Bag on the Wall
An empty backpack hangs
on a bedroom wall next to paintings and fairy lights,
slouching from the single thumb tack
holding it in place.
Its colours are warm like hot breath
and like a dry desert breeze,
mimicking the colours of the flag of Spain.
The red of raw salmon;
the pack’s front is as red as fresh sashimi
in a popular Japanese sushi joint
on the Northern Pacific.
The sides are deep, natural yellow,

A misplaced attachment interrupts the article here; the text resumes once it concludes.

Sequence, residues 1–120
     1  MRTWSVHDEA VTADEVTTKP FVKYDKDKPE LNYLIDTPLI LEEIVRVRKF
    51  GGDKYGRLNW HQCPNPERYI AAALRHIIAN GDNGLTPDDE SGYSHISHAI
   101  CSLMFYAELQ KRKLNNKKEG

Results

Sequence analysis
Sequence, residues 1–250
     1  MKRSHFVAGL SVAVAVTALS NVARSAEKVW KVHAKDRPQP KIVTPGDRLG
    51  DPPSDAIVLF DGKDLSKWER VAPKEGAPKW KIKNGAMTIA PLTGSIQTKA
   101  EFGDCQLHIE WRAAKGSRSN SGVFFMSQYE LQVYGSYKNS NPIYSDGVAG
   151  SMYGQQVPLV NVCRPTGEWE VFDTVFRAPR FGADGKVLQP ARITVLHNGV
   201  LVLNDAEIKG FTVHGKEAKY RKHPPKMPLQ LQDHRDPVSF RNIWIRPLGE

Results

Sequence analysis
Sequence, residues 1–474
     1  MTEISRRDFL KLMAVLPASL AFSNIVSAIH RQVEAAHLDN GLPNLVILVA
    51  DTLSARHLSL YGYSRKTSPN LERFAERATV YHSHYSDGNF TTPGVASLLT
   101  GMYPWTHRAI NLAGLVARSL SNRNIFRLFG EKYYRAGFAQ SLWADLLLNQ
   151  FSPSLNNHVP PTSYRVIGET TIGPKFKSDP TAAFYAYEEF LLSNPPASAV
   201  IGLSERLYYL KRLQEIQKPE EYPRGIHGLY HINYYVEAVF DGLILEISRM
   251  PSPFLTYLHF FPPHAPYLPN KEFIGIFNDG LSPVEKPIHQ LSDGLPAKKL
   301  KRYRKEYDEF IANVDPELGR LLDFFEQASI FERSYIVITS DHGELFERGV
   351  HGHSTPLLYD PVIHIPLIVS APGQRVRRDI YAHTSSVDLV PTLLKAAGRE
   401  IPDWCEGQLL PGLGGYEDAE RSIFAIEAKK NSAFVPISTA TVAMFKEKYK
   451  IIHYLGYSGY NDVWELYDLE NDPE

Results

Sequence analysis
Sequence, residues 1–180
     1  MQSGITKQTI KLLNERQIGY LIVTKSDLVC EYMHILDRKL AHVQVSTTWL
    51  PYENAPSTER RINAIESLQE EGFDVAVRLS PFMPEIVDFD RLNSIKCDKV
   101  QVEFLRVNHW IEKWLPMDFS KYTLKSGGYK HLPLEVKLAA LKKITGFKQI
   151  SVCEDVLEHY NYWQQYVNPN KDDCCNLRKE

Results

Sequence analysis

the colour of three chance sunflowers
that towered in a father’s backyard, leaning
against the wooden fence when they would become too tall.
Detailing and the back in black;
dusty and solid,
a streak of coal on a stretch of canvas.
And citrus orange straps,
tangy and sweet
like a cousin’s folk band made of banjo twangs,
train horns, and hoarse vocals.
The backpack is a guardian, protecting memories
in its sagging belly,
in its black scuffs,
in its green grass stains,
in the black thread sealing the seam rip,
in the attached pin of the German flag to the side pocket,
in the broken zippers,
in the smudged, fading name
scribbled on the small front pocket.